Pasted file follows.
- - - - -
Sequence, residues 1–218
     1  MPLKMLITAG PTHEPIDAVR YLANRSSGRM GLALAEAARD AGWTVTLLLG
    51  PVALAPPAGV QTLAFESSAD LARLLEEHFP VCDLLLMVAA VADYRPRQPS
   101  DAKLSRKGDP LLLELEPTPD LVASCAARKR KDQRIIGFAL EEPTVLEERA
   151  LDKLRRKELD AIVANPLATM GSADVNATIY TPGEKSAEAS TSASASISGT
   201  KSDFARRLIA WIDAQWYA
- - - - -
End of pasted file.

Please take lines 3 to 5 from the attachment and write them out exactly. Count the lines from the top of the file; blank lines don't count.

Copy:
    51  PVALAPPAGV QTLAFESSAD LARLLEEHFP VCDLLLMVAA VADYRPRQPS
   101  DAKLSRKGDP LLLELEPTPD LVASCAARKR KDQRIIGFAL EEPTVLEERA
   151  LDKLRRKELD AIVANPLATM GSADVNATIY TPGEKSAEAS TSASASISGT